Government capital expenditure reaches nearly 50 percent after a last minute spending spreeNearly half of the capital budget has been spent after the Covid-19 outbreak, followed by monsoon season, questioning the effectiveness of the quality of works.
Until June 10, the government’s capital expenditure stood at just 30 percent of the Rs 408 billion allocated for the last fiscal year 2019-20. But on July 15, the end of the fiscal year, new figures emerged, showing a capital expenditure of 47 percent.
The figure jumped by 17 percent and this is a common occurrence where the government rushes to increase capital spending in the last month of the fiscal year. “It’s not a new phenomenon that a significant amount of capital is spent at the end of the fiscal year, which for decades have raised questions over the effectiveness and quality of works,” said economist Bishwambher Pyakuryal.
“But the last quarter of this fiscal year was different. Everyone can imagine how works have been done during the Covid-19 pandemic as well as the monsoon,” he said.
On June 10, the government eased the lockdown, allowing shops to open, vehicles to operate under the odd-even rule and projects to continue their works. Despite easing the stay-at-home orders, the development works were not carried out in a full-fledged manner largely due to lack of raw materials and shortage of workers.
“The quality of projects done during the monsoon season has been questioned for a long time. This week, the damage caused to the infrastructure of the much-awaited Melamchi Water Supply Project in Helambu Rural Municipality, Sindhupalchowk, due to floods triggered by heavy rainfall was an example of how the quality of a project is compromised during the monsoon season in order to meet the target,” said Pyakuryal.
Economists said that the overall capital spending, nearly half of the allocated amount spent on development works, was good so far even though the country’s economy was brought to a virtual standstill for almost four months due to the Covid-19 pandemic.
“This fiscal year, we can compare capital budget spending from two sides. Pre Covid-19 or before March 24 when the country imposed a complete lockdown and after Covid-19 situation,” said Economist Shankar Sharma.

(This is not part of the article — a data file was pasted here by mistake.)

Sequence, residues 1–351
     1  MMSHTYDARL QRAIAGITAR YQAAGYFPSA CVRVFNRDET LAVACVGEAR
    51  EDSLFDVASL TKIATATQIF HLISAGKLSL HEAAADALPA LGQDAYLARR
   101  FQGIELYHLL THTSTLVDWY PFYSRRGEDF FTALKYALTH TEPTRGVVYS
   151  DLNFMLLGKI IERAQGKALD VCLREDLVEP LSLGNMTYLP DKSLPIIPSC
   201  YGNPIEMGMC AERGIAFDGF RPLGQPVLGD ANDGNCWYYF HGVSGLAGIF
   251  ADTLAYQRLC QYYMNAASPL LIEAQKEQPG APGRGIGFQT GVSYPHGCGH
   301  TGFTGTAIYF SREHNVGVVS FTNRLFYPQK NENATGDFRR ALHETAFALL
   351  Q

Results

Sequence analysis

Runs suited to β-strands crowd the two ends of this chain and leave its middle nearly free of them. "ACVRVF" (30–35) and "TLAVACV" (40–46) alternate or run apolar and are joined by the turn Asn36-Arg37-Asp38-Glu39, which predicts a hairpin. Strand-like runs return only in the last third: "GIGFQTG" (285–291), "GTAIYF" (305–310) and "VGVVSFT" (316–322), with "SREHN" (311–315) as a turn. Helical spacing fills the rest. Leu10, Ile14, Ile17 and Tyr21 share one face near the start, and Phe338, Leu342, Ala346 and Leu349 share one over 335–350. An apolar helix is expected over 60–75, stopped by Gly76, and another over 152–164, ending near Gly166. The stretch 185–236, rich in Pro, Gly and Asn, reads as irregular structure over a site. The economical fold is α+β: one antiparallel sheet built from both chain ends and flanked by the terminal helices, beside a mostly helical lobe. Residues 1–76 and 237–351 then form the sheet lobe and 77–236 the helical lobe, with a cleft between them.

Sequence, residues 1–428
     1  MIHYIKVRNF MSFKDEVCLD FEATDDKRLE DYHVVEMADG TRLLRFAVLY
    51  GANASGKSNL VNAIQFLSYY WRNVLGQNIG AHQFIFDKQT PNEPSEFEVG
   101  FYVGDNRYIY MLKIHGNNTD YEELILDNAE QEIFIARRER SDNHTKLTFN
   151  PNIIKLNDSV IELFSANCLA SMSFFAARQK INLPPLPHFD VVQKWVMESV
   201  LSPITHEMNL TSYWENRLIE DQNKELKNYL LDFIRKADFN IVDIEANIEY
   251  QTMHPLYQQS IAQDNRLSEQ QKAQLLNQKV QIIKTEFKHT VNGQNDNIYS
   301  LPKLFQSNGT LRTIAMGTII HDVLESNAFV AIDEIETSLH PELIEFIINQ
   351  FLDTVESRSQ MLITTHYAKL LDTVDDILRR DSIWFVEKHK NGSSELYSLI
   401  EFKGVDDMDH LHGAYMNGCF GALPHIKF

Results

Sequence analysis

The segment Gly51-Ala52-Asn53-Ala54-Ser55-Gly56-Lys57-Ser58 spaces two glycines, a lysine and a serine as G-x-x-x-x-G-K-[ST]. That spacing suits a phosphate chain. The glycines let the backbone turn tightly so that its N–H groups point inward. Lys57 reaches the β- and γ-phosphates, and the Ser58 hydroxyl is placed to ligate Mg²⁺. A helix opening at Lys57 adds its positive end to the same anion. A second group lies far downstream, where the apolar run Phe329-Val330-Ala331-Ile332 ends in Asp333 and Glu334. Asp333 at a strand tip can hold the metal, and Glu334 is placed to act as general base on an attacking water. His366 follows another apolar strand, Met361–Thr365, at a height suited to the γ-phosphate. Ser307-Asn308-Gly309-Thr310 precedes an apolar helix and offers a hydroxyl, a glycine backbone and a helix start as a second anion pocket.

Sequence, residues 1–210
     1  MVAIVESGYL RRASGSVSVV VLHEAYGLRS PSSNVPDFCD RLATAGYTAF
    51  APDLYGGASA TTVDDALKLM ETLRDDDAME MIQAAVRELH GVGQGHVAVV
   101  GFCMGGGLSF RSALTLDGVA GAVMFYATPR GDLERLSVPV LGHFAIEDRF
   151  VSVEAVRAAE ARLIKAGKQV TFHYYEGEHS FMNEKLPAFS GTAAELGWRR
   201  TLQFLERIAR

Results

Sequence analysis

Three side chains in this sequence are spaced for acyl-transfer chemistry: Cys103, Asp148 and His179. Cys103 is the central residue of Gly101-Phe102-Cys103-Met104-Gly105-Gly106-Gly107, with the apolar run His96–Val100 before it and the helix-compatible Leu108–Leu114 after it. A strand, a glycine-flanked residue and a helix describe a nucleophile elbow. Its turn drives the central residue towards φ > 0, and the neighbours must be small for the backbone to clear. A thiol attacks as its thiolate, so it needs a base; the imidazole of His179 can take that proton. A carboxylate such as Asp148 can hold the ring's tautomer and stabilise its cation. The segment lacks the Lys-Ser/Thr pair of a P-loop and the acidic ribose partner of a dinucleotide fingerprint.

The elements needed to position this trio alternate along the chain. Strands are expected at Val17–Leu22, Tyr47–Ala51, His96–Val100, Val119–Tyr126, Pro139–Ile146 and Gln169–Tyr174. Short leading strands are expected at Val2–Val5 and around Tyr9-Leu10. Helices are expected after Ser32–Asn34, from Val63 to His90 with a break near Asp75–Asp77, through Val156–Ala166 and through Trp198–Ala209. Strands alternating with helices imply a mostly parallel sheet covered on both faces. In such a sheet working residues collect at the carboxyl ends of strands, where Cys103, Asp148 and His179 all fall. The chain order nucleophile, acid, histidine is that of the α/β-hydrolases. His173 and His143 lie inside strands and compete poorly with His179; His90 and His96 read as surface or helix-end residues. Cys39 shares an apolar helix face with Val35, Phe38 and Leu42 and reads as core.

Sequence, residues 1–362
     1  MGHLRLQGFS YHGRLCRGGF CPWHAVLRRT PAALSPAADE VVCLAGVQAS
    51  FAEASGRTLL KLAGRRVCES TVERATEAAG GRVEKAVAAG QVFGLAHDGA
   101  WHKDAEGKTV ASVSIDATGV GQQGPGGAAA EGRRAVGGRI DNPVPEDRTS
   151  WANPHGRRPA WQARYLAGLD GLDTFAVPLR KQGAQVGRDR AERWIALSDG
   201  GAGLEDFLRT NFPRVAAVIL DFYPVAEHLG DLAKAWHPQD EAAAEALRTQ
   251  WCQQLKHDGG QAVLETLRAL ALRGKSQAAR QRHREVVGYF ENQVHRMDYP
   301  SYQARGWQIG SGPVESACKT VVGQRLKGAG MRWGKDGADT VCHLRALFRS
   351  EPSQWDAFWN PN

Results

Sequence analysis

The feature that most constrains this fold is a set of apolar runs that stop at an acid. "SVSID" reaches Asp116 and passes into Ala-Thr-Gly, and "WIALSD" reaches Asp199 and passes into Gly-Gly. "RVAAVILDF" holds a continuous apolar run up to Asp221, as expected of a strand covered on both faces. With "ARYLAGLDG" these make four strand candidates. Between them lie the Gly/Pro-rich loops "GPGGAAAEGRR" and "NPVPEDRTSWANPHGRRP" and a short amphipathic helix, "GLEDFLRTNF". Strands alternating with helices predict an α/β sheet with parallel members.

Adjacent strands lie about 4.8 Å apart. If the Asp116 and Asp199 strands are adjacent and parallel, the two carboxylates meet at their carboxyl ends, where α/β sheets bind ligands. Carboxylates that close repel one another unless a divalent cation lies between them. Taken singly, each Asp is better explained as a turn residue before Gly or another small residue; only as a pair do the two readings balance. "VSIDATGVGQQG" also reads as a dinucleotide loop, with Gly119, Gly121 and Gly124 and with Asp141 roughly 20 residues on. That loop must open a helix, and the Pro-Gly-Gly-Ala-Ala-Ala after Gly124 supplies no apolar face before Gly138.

The capital expenditure was “very low” before March 24, at almost 25 percent, according to the Financial Comptroller General Office that keeps track of the government’s income and expenditure and publishes details online on a daily basis.
The remaining, nearly half of the capital budget has been spent after the Covid-19 outbreak that forced the government to issue stay-at-home orders, restricting trade and economic activities. “This shows the deteriorating financial discipline of the country,” he said.
Timely and quality capital spending is a must for a developing country like Nepal which lacks critical physical infrastructure, like hydroelectric projects, transmission lines, irrigation projects, airports and roads. Investment in these areas helps attract private investment, create jobs and spur economic growth.
“But Nepal has never been able to utilise the capital budget in an effective and efficient manner. Multiple factors have been playing a role in dragging down government’s capital spending. One is weak planning,” said Pyakuryal.
“The capital spending by almost half of the allocated budget seems good amidst the Covid-19 pandemic situation, but there are many questions regarding how the money has been utilised in the lockdown situation as well as monsoon,” he said, adding, “This pattern of spending increases the likelihood of sub-standard quality of projects. Such projects will keep on draining more money in maintenance costs for the next few years.”